Don't look at it as your spouse “dumping” debt just on you. Sometimes that is the case, but there are many more factors to consider, and most of the time, it is a win-win situation.
A bankruptcy attorney can help you more fully understand what impact a spouse filing bankruptcy has on you.
Yes, if the debt was a “joint” debt to begin with. Otherwise, no.
Yes, one or both spouses may file any bankruptcy together or individually, but to file jointly, you must still be married.
Yes. However, if spouses use the same attorney, they should each waive any potential conflict of interest. Sometimes, one spouse doesn’t qualify for a Chapter 7 but the other one does. Yet, each individual spouse should file the type of bankruptcy that is best for them, and that sometimes means filing a different chapter for each spouse.
No, this is never allowed. But, a Chapter 13 bankruptcy requires that you pay any delinquent alimony or support back through the Plan.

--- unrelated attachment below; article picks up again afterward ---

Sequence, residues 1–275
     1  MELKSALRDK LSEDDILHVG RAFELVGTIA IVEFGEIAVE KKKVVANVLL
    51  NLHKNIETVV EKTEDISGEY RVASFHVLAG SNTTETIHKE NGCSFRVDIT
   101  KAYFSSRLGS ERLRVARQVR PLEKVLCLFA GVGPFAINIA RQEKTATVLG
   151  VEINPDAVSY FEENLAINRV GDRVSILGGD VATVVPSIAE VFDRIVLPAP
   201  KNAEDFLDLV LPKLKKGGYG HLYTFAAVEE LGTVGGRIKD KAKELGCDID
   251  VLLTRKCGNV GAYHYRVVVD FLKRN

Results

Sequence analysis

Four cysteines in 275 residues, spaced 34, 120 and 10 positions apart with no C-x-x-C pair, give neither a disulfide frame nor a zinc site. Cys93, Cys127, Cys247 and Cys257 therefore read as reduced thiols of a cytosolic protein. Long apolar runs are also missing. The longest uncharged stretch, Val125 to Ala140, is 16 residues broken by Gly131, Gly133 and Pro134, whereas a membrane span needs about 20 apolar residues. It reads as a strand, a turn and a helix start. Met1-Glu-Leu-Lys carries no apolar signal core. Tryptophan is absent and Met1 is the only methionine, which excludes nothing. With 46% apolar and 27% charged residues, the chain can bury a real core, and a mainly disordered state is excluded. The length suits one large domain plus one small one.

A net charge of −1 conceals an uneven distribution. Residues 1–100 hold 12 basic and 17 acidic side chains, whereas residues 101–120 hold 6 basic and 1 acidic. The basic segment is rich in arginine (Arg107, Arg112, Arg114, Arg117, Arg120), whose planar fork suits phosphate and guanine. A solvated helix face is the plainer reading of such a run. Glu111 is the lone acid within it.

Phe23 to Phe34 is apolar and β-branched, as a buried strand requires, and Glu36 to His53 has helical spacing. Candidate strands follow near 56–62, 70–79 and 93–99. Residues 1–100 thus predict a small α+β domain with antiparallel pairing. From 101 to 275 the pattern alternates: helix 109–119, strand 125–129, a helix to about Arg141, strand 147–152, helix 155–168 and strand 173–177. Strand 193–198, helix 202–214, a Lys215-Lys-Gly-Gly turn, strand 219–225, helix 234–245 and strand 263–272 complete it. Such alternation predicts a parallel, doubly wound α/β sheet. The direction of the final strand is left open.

When computing the required bankruptcy Means Test, when only one spouse files, there are frequently times when the non-filing spouse does not contribute all of his or her income to the household, thus reducing the “household income” for the purpose of the Means Test. It is entirely possible that the non-filing spouse has his or her own debts to pay or even if they are just “saving” some of their income, they don’t contribute that amount to the household. Therefore, the determination of “household income” for purposes of the Means Test is sometimes adjusted lower. While this is an entirely appropriate thing to do in many cases, one must be careful not to try and game the system to unreasonably lower the household income.
Your bankruptcy attorney will be able to guide you in this matter.